The knock against Beats headphones used to be that they were too bass-heavy and that the bass was boomy and lacked definition. The Powerbeats Pro also accentuate the bass, but I didn't have a problem their bass performance. In fact, the bass is one of these reasons you'd buy this over something like the AirPods or(or the ). But I did notice some treble push -- sometimes referred to as presence boost -- that can make them sound a tad too bright with certain tracks. The had the same issue, and while it may not be something regular people will be too perturbed about, audiophiles will probably take issue.
The Powerbeats Pro's sound is going compare favorably with most other premium true wireless models, which can sound quite decent but ultimately don't measure up to a good set of wired earphones. That said, I thought the, which retails for $50 more ($300), sounded better. It's just a little more detailed and smoother sounding. Likewise, the sound as good as the Powerbeats Pro for $80 less. However, the Powerbeats have some advantages over both, including much better battery life.
Thanks to their larger design compared to the AirPods, Apple and Beats engineers have been able to incorporate a larger battery. The Powerbeats Pro are rated at 9 hours for music listening compared to 5 hours for the AirPods, and the charging case delivers 15 extra hours of juice. With the quick-charge feature, a 5-minute charge gets you an hour and a half of playback while a 15-minute charge will get you four and a half hours. The headphones automatically turn off when you drop them in the case and will go to sleep if you leave them sitting on a table.
Apple's H1 chip on board
Like the AirPods, these also have Apple's new H1 chip that supports Bluetooth 5. That means Apple users get the same fast-pairing feature and always-on Siri that allows you to activate Siri by just saying, "Hey, Siri," rather than touching a button. You can ask Siri to raise and lower the volume, and Apple Music users can tell Siri to skip tracks forward and back.
Needless to say, Siri features only work with Apple devices, but there's some good news for Android users: There are buttons on the earpieces that give you control of playback and volume levels. I thought they worked well during my two days of playing around with the product. Each earpiece has the same buttons, so you can control playback from either earpiece.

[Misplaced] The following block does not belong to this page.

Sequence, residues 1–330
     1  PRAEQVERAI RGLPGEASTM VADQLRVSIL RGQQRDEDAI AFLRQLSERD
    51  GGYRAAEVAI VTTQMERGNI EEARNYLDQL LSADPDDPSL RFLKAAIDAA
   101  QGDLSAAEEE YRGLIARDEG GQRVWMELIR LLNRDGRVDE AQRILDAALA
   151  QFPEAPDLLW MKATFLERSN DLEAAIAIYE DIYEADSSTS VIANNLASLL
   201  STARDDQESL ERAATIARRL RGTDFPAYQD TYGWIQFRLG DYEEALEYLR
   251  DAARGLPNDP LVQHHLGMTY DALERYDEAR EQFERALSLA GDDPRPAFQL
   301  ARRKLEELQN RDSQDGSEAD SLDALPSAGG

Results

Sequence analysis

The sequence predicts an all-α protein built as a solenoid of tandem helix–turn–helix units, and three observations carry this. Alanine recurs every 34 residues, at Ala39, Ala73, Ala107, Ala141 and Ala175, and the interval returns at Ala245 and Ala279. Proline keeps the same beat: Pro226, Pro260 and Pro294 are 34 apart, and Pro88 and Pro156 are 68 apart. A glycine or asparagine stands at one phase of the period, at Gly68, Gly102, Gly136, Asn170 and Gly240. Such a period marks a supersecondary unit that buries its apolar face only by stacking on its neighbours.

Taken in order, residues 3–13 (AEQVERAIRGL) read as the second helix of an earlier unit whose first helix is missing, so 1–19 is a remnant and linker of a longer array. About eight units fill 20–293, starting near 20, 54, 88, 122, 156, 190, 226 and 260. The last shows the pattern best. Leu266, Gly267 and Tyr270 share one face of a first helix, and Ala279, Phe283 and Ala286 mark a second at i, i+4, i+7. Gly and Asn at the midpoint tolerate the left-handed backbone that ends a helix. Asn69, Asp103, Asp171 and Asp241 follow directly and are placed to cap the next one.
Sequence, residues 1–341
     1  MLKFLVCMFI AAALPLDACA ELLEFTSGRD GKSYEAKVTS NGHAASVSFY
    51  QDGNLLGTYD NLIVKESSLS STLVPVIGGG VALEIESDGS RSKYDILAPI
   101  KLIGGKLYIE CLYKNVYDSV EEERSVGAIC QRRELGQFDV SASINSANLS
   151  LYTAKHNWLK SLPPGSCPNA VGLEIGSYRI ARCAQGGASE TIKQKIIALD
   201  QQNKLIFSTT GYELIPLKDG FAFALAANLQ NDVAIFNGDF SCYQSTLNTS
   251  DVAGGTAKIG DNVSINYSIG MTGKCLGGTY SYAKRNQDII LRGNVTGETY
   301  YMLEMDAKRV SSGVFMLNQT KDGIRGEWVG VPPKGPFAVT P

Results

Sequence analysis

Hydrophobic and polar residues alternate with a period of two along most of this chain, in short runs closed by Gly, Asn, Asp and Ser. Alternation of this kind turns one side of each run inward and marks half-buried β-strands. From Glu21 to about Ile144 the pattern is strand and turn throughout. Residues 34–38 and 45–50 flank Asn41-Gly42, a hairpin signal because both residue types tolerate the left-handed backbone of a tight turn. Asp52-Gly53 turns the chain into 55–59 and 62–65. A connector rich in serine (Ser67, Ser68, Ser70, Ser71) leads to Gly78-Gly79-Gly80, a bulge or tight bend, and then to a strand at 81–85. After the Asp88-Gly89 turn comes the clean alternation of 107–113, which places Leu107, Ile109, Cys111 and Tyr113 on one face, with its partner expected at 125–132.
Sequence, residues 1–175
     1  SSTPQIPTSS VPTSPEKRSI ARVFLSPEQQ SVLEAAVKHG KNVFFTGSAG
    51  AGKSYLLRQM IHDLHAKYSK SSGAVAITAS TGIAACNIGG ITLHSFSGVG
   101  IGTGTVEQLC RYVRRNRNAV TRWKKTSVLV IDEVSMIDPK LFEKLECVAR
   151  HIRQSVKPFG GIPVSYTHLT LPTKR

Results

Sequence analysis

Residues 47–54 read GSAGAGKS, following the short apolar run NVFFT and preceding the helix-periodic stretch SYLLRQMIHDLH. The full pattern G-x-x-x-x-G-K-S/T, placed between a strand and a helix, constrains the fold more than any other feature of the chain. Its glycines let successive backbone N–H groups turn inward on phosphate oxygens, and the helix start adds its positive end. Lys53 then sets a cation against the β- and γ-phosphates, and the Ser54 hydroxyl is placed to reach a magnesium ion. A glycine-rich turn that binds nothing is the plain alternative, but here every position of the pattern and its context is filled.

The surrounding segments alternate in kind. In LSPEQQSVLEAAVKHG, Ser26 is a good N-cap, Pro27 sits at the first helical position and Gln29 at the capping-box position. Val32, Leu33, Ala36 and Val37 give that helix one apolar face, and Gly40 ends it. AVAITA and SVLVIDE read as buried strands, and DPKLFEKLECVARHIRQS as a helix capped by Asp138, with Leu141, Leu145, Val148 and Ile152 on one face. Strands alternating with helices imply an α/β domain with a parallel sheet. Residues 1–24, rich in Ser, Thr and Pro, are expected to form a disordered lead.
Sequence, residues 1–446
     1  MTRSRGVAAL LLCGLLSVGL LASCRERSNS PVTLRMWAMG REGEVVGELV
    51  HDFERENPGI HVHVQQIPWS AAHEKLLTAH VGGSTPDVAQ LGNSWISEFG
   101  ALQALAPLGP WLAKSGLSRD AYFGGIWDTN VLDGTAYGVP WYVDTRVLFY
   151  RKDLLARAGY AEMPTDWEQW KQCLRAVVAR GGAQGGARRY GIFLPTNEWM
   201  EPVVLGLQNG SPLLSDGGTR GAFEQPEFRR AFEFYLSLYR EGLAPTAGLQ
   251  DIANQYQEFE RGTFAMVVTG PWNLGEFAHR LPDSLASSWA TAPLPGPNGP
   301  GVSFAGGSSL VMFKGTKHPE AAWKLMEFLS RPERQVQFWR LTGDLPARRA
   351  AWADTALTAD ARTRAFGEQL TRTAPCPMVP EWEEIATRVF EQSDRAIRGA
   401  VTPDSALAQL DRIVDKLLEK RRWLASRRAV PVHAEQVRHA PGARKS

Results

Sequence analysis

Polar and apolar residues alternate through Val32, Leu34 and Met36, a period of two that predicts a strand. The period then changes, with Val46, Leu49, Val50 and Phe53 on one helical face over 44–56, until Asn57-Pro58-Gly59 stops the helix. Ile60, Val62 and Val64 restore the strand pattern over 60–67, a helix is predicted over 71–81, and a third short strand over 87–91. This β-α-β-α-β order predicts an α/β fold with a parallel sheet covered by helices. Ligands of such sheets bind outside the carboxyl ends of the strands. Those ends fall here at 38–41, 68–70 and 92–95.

If you look closely, you'll see that there are optical sensors built into the buds. They detect whether you have the buds in your ears or have removed them, so your music will automatically pause and resume. Like the AirPods, each bud can be used independently of the other, so if you want to go with one bud -- left or right -- you can.
The AirPods are great for making calls, and Apple's engineers have brought some of the same technology to the Powerbeats Pro. There are two beam-forming microphones in each earpiece, along with a speech-detecting accelerometer that helps pick up your voice better -- whether it's for phone calls or talking to Siri. And like the second-generation AirPods, these are supposed to do a better job filtering out external sounds such as wind and ambient noise during calls.
I thought they worked as well and maybe even better than the AirPods for making calls because they don't have an open design that allows sound to leak in (that makes them better for noisier environments). Callers said I sounded clear and they didn't have trouble hearing me when I made calls from the streets of New York.
Worth the price?
People have gotten used to spending $300-$350 on a pair of full-size noise-cancelling headphones, but $250 seems like a lot to spend on a set of true-wireless earbuds, particularly with the second-generation AirPods starting at $160 for the version with the standard charging case. However, as I said, if the Powerbeats Pro fit you well, you're going to be quite happy with them.
Yes, their large charging case is a notable drawback. But the combination of incorporating all the features that make the AirPods great while delivering richer sound and better battery life, in a design that won't fall out of your ears, is ultimately a winning proposition. Just make sure you buy them somewhere that has a good return policy in case you're in the small minority that has ears that aren't quite a match for them.